Inflation drives down real earnings in Taiwan despite increase in wages
While real regular wages in Taiwan increased in the first six months of 2023 compared to the year before, real earnings dropped for the first time in seven years by 0.73%, according to the Directorate General of Budget, Accounting and Statistics (DGBAS) Thursday.
As reported by Focus Taiwan, data compiled by the agency showed that from January to June this year, the regular monthly wages in Taiwan’s industrial and service sectors averaged NTD $45,357 (USD $1249.3), 2.47% higher than the year-earlier level. Meanwhile, monthly earnings, which include non-regular income such as overtime pay and bonuses, rose 1.57% to NTD $62,008 (USD $1947.64).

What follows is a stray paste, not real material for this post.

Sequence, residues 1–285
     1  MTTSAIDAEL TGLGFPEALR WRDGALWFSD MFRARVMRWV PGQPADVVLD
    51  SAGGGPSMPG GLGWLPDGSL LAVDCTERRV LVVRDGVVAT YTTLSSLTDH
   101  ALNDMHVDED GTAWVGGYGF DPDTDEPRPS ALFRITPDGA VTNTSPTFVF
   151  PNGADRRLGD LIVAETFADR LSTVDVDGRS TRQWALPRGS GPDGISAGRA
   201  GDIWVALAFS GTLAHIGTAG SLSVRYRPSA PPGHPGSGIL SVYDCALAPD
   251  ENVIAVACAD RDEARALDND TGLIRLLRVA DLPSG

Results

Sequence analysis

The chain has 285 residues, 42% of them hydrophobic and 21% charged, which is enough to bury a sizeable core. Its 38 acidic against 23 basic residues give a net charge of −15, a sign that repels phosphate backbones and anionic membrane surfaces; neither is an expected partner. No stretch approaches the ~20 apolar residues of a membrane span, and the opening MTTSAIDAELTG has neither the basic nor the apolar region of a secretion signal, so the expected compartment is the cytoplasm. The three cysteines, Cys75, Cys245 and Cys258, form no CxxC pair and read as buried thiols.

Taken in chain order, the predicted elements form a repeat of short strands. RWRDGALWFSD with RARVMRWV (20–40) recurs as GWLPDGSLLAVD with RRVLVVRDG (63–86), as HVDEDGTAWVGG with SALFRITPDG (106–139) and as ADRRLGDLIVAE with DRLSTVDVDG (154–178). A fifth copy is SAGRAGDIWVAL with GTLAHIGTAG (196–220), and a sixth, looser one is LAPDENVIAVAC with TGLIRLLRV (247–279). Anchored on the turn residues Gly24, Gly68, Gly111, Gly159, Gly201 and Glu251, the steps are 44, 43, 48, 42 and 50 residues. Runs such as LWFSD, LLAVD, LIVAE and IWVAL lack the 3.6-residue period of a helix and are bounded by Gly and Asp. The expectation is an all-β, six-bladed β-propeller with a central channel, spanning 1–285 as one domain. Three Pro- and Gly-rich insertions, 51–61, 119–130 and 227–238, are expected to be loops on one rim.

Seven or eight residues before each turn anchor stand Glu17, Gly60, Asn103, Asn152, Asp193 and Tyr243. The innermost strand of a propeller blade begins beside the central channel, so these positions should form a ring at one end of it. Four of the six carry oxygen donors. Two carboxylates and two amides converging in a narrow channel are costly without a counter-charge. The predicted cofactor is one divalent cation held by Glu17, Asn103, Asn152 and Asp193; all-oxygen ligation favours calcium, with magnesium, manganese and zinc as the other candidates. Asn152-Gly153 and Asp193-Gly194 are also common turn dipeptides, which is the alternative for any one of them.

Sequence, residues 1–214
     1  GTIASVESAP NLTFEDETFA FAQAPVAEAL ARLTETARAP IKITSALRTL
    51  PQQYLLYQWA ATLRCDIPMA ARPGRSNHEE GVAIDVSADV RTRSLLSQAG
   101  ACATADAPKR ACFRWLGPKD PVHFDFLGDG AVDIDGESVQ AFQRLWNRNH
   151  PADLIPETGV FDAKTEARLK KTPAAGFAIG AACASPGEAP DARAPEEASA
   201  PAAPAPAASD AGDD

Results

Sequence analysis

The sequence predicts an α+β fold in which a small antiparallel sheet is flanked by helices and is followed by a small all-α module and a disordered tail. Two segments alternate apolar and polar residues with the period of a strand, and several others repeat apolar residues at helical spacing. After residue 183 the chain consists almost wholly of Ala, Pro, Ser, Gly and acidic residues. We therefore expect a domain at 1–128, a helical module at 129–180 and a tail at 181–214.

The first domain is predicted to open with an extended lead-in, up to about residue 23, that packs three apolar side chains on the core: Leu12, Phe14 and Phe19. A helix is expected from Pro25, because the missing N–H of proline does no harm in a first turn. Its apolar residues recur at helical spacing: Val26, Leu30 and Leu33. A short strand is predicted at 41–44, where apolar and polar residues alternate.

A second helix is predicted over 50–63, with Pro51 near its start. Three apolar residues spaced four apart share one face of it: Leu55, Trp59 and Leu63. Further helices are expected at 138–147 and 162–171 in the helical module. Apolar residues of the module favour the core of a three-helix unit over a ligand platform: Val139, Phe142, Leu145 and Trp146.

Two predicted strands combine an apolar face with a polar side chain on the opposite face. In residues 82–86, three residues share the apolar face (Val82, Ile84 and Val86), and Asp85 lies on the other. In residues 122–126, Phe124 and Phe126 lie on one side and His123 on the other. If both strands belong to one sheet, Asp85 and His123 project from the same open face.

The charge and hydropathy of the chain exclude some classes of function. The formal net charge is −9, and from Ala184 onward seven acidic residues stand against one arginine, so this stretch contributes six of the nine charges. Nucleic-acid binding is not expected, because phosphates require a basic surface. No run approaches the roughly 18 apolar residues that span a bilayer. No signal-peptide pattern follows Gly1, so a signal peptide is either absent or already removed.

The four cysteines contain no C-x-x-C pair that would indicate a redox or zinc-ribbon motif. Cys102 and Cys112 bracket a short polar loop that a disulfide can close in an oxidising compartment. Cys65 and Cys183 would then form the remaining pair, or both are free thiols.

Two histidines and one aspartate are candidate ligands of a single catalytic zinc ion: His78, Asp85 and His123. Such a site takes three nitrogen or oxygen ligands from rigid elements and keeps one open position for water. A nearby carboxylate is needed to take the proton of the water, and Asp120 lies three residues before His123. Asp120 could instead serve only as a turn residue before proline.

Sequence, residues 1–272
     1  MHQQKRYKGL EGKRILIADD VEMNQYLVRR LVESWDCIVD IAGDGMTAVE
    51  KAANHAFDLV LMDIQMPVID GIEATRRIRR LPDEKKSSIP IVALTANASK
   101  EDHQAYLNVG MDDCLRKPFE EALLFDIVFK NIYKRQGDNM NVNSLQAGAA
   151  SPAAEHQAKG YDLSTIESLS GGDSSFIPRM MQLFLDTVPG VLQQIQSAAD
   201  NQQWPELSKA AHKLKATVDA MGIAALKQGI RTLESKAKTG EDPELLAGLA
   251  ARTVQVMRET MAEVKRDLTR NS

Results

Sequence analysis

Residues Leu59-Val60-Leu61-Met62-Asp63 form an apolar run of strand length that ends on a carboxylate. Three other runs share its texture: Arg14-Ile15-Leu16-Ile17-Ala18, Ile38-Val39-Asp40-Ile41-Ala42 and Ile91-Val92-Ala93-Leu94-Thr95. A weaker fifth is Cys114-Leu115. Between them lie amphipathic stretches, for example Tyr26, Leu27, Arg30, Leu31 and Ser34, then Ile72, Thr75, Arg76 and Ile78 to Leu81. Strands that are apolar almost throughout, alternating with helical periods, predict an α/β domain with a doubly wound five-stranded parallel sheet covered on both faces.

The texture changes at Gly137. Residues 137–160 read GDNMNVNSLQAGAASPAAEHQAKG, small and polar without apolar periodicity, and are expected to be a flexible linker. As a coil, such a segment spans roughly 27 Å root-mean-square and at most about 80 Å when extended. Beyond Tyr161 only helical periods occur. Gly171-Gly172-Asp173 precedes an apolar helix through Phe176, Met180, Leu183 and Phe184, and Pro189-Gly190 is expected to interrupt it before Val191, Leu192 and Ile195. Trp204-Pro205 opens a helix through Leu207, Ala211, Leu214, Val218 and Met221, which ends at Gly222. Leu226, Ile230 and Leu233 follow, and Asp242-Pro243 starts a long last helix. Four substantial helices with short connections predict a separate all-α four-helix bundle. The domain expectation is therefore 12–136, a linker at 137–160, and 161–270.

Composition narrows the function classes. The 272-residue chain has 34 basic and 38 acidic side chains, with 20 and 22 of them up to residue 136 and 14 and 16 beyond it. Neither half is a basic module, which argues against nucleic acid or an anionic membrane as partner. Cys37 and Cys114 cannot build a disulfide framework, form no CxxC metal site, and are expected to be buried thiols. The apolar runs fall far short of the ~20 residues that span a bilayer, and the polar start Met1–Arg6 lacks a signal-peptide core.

However, driven by inflation, real regular monthly wages rose only 0.14% compared to last year, while real monthly earnings fell 0.73%, the first drop seen in seven years. The DGBAS defines real wages as salaries and other forms of regular income such as stipends adjusted for inflation.
Chen Hui-hsin, DGBAS’s Census Department Deputy Director, attributed the fall of real wages to a high base of comparison last year when the manufacturing industry was booming, while the global economy and end-user demand have both remained weak this year.
The total number of employees hired in all sectors totalled 8.164 million at the end of June, up 22,000 from a year earlier. This included an increase of 52,000 employees in the service sector against a decline of 33,000 employees in the manufacturing sector, the largest monthly fall in 14 years. The manufacturing sector has seen a decline in the number of employees for six consecutive months, with a fall of 2,000 in January and more in the following months.
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At the same time, the amount of overtime hours worked in the manufacturing sector fell by 0.4 hours from a year earlier in June, despite a rise at the end of May due to the demand for automotive components, Chen said.